- Make sure you heat and slightly whip egg yolk and sugar over a double boiler. The double boiler is a common method for melting chocolate without burning it and also for egg-based creams without ending up with scrambled eggs. All you need is a saucepan and a glass bowl that rests on the rim. You might have to play around with combinations of pans and bowls to find the perfect fit but it works perfectly fine. The water should not touch the bottom of the bowl
- While whipping egg yolk and sugar over a double boiler, use a hand whisk and make sure that sugar fully dissolves. When you take a small amount of egg yolk and sugar mixture between your fingers it should be smooth. I suggest doing it slowly over low heat and as soon as sugar dissolves and the mixture is slightly whipped up, remove it from the stove
- It is very important that after egg yolk and sugar are fully whipped up, you wait until the mixture cools to room temperature. Do not attempt to fold mascarpone in while the mixture is still warm as it will break the mascarpone, the mixture will get runny, and you have to start again
- How to properly whip mascarpone? I recommend using an electric hand mixer as mascarpone needs to be whipped very carefully. As soon as it reaches a fluffy consistency and stiff peaks form, stop whipping it otherwise it might become runny. Make sure you use full-fat rich mascarpone
- After the mascarpone reached the right consistency, it’s important to fold it with egg yolk sugar mixture VERY carefully with the help of a Rubber spatula. The cream should stay very airy, cloud-like texture
- How to properly whip cream? A similar process to whipping mascarpone, the only difference is that cream whips up well when it´s very cold. Use an electric hand mixer so that you don´t walk away for sure. First, it will reach soft peaks, then stiff peaks, that is the stage when it is done.
- Folding cream into the mascarpone mixture. Same as in the case of mascarpone, it should be folded very carefully with a Rubber spatula
Please note that this cream will be very airy, fluffy, and creamy after it is set in the fridge. This kind of cream is only suitable for making traditional tiramisu which is a “bowl type” of dessert but it is not firm enough to fully hold its shape in a tiramisu cake. Please check my tiramisu cupcake or tiramisu cakeroll recipe if you are interested in making those!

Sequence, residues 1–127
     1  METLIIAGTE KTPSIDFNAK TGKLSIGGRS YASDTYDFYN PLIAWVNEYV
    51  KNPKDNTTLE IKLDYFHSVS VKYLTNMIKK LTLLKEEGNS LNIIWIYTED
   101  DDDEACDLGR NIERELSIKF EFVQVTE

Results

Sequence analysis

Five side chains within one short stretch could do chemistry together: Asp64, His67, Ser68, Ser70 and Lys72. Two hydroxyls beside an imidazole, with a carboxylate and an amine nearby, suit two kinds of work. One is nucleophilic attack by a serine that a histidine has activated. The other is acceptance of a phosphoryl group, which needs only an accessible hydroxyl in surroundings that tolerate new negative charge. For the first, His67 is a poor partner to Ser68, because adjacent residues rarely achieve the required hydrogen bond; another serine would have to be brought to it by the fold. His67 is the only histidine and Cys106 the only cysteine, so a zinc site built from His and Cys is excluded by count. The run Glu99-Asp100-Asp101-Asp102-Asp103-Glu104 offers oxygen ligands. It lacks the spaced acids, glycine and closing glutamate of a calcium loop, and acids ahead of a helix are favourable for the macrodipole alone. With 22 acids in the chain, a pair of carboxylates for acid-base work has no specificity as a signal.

3. How to assemble the matcha tiramisu
Once ladyfingers and mascarpone cream are ready, here comes the fun part, assembling your homemade matchamisu! You can assemble tiramisu either in a glass container, in a bowl, or in ramekins.
Make a bowl of matcha tea, soak ladyfingers into the tea then start layering the ladyfingers next to each other and finish with a layer of cream. Repeat the process as many times it is required considering the size of your bow, then smooth the top with an offset spatula.
Tip.:When soaking ladyfinger into the tea, use a generous amount of tea to achieve that lovely matcha flavor however monitor how ladyfingers soak the tea in and do not make them overly wet
Now comes the hardest part; waiting! It should be set in 4 hours in the fridge, it is even better the next day.
Making this matchamisu recipe is so easy and the good news is that no special equipment is needed.
For a consistent, happy baking experience always measure your ingredients with the help of a Digital scale. This is absolutely a MUST.
For making the ladyfingers a Stand mixer is super useful. I have a KitchenAid Classic, that I love. For piping the ladyfingers, a Piping bag, and smaller size round nozzle tip are required, alternatively cut a hole on the piping bag and try to pipe the cake batter without a nozzle.
For making the cream, I suggest using an Electric hand mixer and with that, you won´t overbeat the mascarpone.
Finally, for assembling and serving there are a few options. Either use a smaller glass container or a trifle bowl or for individual servings use Ramekins.
Yes of course you can, this recipe works no matter what size, however, you will need to adjust the ingredients accordingly
Yes, most probably you can, however, you can´t just replace flour with gluten-free flour 1:1 without reformulating the recipe. When one ingredient changes, some other ingredients need to be changed too in order to keep the balance in the texture and flavor. If using store-bought ladyfingers, feel free to purchase gluten-free ones